ZESCO Limited has refuted claims from some sections of society that the current load shedding is due to the installation of sub-standard equipment procured from China.
ZESCO senior manager transmission South Julius Kapambwe maintained that the current load shedding the country was experiencing was due to low water levels in the country’s water bodies which were used in power generation.
In his presentation during a sensitisation meeting held at Livingstone’s Fairmount Hotel on Tuesday, Mr Kapambwe said ZESCO always followed international standards when making procurements and that accusing the company of buying sub-standard equipment by some sections of society was ill- motivated.
“The equipment in question has been running normally from about 2007 when it was installed and we never experienced these problems.
“So people must understand that the problem we have is that we have low water levels due to poor rainfall in the just ended season and there is nothing other than that,” Mr Kapambwe said.
He said the ZESCO was committed in ensuring that people were served in the best way possible hence the mitigation measures such as load shedding that have been taken.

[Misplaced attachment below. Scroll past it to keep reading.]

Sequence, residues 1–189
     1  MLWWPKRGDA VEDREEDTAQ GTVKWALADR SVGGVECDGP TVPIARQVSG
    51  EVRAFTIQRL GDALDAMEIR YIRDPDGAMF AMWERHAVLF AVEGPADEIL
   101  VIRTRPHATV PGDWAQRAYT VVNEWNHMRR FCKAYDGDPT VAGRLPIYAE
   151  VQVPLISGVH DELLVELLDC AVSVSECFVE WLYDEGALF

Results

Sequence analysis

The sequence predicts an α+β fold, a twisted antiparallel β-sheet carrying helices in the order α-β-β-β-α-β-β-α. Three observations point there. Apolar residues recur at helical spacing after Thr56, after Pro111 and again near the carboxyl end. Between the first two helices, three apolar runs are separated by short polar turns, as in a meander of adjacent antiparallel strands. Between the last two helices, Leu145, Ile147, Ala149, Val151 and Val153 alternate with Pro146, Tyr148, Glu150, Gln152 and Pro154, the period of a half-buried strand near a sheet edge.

Mr Kapambwe said the current load shedding was expected to last for over six months from now depending on how the rains might fall this season.
On accusations that the power utility company was exporting power to other countries at the expense of the local people, Mr Kapambwe agreed that Zambia had already signed binding legal contracts with Namibia and the Democratic Republic of Congo (DRC) but the country had since reduced on the amount of power been exported to these two countries.
He further described as false reports from some other sections of the media that ZESCO was exporting power to Mozambique.
Mr Kapambwe said Zambia was in talks with Mozambique to see as to whether it would be possible for the country to start exporting power to the neighboring country once supply was normalized.
He said one of the mitigating measures that ZESCO had put in place to supplement the current output was that the company was currently importing about 200 Megawatts (MW) of power at a great cost.
And some Livingstone residents appealed to ZESCO to follow their load shedding schedule to avoid inconveniencing those in production.
Morris Mutale said it was unfair that sometimes power was going off without following what was stipulated on the schedule.
Mr Mutale said such uncoordinated power cuts adversely affected people in agriculture production, lodges and other industries that heavily depended on electricity.
In response, Mr Kapambwe said the company was trying by all means to religiously follow the load shedding schedule unless there was a fault.
“As ZESCO are trying to follow the load shedding schedule religiously, but that does not replace the fact that we are going to have faults. When there is a fault we have to work on it,” Mr Kapambwe.